In response to the ongoing controversy over the lack of disclosure of clinical trial data, a Republican Congressman has introduced a bill that would require study results to be reported to ClinicalTrials.gov - the federal repository - regardless of whether the outcome is positive or negative. But there is more. The bill would also withhold federal grant funding to any entity that does not report results - and require repayment as a penalty.
“Public reporting of both positive and negative results will help other research be more effective and less duplicative," says Tom Green, a representative from upstate New York, in a statement in which he emphasizes the goal is to improve cancer research. "Enforcing the reporting requirement will not only lead to more available cancer research data, but also help every taxpayer dollar spent on research go further toward finding a cure.”
The move comes amid a growing fracas about unreported trial data. The Food and Drug Administration Amendments Act requires mandatory reporting of summary clinical trial results within one year of completion on ClinicalTrials.gov, a series of studies published in BMJ reported various problems. For instance, one paper found that only 22 percent adhered to the mandate (back story).
Last month, a pair of academics from the University of Minnesota School of Public Health examined 2,385 completed pediatric studies registered with ClinicalTrials.gov and found that only 29 percent were ever published. And only 53 percent that were financed by the National Institutes of Health were published. And publication that did occur, on average, took place two years after study completion (read this).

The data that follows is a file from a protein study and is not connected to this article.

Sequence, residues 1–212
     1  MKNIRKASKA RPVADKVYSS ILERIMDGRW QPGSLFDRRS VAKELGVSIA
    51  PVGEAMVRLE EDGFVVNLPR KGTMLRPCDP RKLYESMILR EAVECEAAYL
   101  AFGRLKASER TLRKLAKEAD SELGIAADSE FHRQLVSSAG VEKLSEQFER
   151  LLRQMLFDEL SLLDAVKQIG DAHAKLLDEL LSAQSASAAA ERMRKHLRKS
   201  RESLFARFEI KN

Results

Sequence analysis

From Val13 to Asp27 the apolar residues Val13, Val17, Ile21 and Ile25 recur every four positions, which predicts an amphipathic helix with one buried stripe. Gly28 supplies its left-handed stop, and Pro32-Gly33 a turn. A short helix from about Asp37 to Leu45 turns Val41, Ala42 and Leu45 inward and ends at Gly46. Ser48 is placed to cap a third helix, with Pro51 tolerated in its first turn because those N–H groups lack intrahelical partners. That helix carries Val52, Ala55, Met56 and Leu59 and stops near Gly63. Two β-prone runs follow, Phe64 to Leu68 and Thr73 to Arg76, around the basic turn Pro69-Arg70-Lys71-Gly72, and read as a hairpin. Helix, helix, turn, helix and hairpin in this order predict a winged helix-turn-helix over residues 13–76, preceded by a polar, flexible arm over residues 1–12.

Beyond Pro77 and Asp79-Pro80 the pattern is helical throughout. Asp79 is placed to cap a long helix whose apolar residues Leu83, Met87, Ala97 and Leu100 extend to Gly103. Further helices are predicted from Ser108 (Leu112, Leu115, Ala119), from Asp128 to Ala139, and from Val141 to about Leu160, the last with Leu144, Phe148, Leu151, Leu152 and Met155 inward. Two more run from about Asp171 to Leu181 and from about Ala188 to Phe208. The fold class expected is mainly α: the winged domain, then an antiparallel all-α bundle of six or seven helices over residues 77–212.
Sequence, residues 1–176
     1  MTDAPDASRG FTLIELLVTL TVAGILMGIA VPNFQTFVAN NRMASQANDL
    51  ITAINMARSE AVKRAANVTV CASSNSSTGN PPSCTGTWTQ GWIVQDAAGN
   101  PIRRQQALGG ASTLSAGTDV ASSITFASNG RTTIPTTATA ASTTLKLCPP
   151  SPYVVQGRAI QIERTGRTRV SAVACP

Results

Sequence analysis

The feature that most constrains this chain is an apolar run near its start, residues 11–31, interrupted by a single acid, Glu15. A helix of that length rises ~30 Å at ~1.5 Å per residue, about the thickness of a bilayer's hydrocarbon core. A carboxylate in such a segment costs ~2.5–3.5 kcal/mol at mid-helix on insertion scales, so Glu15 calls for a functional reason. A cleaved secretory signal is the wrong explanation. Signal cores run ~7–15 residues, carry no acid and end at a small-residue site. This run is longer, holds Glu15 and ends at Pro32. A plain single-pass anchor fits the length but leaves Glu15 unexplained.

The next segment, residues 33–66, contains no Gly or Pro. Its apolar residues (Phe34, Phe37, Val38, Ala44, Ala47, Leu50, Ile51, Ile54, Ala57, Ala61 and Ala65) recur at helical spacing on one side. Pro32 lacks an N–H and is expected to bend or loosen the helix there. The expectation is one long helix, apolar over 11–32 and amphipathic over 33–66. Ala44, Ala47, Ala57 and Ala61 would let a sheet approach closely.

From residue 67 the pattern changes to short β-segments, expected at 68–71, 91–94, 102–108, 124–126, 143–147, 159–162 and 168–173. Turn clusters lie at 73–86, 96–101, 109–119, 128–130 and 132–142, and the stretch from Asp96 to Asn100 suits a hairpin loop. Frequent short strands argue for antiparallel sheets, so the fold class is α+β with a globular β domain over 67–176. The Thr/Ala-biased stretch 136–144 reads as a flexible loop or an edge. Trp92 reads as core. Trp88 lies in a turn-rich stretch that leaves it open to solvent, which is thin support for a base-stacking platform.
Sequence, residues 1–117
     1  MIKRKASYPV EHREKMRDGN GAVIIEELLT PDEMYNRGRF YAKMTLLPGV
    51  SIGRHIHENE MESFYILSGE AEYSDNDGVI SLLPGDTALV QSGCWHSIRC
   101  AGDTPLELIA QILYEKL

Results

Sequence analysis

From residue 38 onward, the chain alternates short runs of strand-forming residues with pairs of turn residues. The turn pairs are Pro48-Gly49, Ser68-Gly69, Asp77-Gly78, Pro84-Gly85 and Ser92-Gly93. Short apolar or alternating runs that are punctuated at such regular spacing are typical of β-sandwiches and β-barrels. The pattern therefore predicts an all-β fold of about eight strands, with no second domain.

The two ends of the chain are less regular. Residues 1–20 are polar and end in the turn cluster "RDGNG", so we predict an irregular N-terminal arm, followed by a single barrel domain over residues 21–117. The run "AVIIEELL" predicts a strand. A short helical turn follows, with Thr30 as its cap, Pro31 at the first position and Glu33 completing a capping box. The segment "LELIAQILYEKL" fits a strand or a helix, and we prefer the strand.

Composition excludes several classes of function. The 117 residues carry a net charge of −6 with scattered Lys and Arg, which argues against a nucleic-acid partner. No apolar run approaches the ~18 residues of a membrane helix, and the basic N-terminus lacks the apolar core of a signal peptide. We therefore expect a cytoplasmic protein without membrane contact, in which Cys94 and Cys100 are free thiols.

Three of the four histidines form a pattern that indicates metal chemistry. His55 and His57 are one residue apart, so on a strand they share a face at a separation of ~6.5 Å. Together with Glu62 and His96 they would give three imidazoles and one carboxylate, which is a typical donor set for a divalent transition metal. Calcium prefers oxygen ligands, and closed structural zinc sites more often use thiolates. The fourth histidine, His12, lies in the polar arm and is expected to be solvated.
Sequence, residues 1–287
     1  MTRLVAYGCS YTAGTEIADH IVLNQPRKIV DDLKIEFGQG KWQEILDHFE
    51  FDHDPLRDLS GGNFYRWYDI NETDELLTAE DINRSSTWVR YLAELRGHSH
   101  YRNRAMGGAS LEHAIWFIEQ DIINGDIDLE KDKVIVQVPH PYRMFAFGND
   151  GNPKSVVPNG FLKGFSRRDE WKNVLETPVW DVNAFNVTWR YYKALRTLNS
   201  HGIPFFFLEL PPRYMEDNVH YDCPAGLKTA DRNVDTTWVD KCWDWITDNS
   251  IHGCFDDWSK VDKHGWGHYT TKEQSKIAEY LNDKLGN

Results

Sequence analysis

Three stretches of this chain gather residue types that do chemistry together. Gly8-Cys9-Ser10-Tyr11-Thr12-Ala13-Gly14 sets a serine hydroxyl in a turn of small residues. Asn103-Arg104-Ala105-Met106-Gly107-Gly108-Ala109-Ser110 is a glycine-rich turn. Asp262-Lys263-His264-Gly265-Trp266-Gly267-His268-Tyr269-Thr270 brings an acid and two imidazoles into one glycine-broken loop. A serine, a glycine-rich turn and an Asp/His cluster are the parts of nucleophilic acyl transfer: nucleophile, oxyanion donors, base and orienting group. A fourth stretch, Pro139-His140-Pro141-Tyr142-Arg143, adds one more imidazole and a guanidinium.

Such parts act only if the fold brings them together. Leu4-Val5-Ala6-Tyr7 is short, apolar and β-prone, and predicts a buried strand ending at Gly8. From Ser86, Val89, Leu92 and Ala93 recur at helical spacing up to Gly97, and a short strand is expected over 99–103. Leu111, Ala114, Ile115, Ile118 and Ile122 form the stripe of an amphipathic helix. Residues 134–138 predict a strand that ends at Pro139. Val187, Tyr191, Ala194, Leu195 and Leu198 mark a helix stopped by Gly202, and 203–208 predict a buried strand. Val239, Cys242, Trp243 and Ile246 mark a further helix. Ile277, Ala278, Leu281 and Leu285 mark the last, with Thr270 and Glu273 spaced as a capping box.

The issue has sparked debate about patient safety, the utility of meta-analyses for deciphering safety issues and obligations of drugmakers to physicians and patients. And a growing number of proposals have been suggested, such as creating an “external coordinating organization,” which would be independent and have legal resources to contract with drug and device makers for providing access to patient-level data, documents and case reports (read here).
Although current law requires research results conducted with federal money must be publicly reported, the enforcement mechanism is very weak and as a result not all research is reported, Reed notes in his statement. He adds, by the way, that any violation would also carry another penalty - a grant recipient that does not report trial results will be ineligible for future grants (here is the bill).
Hat tip to FDA Law blog